“We are focused on our mission and role in the social, economic and political development of our region. With the support of the Guam Legislature and Governor, the University has held tuition rates the same for five years. This is unprecedented among universities and shows the community’s commitment to higher education access and affordability for Guam’s students”, said President Robert Underwood. “In addition we are working hard to move the University from good to great. A process of program prioritization and resource allocation is well underway to realize our potential to be a sustainable university with great programs. We are evaluating all academic and administrative programs based on their relationship to the core mission, financial performance, market demand and quality.”
Senior Vice President Anita Borja Enriquez added, “The University is the Natural Choice for Guam students. Fall’13 enrollment was a record 3,853 students. 503 undergraduate and graduate degrees were conferred in academic year 2012-13. When our Fall’13 graduates are included, Triton alumni now number 14,700. They add tremendous value to the professional backbone, service, and leadership of our island, the region, and beyond.“
“Our results and financial trends evidence the University’s performance and stability. There has been a reasonable financial surplus in ten of the last eleven years. We have a record of clean audits,” said Vice President of Administration and Finance David O’Brien. “Our focus on academic quality, student success, and institutional sustainability is evidenced by primary accreditation from WASC and secondary accreditation for the professional schools. After reviewing our 2013 report, WASC praised the University for our financial improvements, collaborative campus culture, presidential leadership, open communications and efforts in enrollment management, program review, and assessment.”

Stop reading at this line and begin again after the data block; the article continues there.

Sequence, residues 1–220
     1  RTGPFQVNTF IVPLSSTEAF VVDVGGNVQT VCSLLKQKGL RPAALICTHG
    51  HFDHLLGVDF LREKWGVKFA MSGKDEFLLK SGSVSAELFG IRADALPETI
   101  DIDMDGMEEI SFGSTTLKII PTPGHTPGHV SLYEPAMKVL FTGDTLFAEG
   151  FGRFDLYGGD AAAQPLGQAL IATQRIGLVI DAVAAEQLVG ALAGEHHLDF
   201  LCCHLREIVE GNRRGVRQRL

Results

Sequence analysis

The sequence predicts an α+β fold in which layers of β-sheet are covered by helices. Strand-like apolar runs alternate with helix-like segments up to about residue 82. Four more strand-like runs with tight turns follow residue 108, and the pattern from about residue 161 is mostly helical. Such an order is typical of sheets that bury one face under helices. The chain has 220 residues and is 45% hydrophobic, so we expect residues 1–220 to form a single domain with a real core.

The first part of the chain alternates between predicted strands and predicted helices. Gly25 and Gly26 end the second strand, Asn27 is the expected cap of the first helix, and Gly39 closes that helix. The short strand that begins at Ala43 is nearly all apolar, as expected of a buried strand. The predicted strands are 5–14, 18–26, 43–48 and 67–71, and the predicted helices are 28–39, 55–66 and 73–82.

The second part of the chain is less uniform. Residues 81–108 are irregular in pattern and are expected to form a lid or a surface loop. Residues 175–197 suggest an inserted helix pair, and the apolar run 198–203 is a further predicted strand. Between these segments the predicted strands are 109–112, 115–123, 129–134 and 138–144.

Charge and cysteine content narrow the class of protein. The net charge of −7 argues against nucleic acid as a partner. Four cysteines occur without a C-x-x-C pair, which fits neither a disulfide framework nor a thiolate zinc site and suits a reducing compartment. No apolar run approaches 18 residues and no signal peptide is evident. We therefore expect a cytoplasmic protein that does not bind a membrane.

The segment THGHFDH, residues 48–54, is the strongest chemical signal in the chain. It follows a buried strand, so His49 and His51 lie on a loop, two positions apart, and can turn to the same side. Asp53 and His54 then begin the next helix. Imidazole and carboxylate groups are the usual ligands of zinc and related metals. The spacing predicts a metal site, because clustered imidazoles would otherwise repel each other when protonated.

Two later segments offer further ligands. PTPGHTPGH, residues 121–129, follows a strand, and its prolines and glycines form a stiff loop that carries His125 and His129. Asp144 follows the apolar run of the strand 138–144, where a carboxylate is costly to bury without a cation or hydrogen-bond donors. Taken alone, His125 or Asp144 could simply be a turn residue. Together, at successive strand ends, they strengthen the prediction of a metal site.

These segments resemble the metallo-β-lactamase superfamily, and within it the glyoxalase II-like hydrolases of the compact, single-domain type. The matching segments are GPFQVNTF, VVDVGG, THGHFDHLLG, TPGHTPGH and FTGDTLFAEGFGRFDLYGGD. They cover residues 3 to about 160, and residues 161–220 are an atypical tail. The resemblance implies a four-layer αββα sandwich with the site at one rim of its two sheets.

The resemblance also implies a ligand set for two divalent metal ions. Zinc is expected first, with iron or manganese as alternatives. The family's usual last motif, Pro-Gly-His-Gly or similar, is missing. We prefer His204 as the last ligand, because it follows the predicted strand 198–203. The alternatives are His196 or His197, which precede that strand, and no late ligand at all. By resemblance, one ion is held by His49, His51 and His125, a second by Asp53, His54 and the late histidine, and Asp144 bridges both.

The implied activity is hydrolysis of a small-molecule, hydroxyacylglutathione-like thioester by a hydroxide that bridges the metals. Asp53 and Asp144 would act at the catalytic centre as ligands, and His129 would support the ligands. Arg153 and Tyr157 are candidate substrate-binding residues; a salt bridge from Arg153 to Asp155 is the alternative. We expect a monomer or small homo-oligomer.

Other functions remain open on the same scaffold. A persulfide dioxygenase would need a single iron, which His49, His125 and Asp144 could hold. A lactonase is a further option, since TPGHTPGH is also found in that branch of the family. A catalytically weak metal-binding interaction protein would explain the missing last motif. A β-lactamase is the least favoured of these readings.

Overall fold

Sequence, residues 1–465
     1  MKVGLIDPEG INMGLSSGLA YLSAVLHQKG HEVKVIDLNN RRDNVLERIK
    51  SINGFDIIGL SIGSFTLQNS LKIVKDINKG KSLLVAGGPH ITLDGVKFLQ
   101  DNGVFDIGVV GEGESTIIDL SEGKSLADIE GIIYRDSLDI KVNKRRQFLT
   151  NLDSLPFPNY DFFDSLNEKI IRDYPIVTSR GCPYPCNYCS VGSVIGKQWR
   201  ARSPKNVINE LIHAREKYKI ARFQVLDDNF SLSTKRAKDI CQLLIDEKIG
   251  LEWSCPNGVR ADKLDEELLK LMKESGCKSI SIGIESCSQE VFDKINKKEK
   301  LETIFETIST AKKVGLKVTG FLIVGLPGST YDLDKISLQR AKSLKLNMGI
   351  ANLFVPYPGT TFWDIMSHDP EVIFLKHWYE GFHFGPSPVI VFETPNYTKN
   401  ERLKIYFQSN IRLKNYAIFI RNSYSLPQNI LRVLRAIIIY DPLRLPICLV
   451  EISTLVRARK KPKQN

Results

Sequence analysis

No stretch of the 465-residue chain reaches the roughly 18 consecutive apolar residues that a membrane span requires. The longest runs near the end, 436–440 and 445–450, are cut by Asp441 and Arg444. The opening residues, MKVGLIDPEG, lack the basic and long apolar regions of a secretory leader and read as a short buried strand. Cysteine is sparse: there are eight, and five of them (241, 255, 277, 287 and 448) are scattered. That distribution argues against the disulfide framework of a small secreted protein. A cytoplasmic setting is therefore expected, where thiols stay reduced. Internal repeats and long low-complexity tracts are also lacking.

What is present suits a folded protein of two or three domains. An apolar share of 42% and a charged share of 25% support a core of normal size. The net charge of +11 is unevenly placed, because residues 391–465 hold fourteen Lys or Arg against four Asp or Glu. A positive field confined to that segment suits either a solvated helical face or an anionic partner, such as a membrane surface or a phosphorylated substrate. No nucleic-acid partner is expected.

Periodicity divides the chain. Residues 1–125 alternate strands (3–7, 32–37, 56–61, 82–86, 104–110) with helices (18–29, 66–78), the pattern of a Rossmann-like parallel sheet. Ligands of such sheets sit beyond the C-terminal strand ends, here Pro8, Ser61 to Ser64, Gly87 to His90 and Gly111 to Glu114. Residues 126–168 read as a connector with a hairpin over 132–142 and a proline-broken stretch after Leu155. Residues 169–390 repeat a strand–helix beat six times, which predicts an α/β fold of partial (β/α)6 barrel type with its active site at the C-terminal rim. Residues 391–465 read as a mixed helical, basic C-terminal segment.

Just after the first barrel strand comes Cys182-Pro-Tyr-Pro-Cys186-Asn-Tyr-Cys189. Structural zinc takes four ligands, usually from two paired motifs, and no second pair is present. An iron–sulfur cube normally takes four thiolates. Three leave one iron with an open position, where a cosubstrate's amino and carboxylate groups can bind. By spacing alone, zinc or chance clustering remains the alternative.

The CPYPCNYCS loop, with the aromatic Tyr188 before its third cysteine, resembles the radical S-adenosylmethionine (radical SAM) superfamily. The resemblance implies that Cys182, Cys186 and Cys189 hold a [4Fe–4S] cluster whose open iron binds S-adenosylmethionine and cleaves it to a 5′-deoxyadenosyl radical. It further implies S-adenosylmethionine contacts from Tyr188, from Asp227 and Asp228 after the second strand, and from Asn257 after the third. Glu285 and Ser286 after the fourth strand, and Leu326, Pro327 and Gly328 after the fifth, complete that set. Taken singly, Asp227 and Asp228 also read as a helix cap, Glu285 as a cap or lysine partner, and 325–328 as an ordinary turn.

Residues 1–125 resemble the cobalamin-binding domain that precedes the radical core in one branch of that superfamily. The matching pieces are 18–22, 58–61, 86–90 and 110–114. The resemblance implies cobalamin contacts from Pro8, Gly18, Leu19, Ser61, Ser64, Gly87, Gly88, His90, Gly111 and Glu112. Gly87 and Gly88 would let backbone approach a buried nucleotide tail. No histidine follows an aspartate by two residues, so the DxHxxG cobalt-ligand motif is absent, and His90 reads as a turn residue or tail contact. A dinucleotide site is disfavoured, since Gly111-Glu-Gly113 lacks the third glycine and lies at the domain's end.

Other FY 2013 audit highlights include:
 There were $39 million of total grants and contracts. They include awards for student financial aid, developmental disabilities, cancer research, alternative energy, green projects and building renovation. This is a decrease from last year, as the ARRA grants have been completed and they are not reflected in FY 2013.
 Operating expenses decreased by $0.5 million (adjusted for FY 2012 ARRA). Costs were held in check even with increased enrollment, growth in grant spending, stepped-up facility maintenance, salary increments, and utility and retirement rate hikes.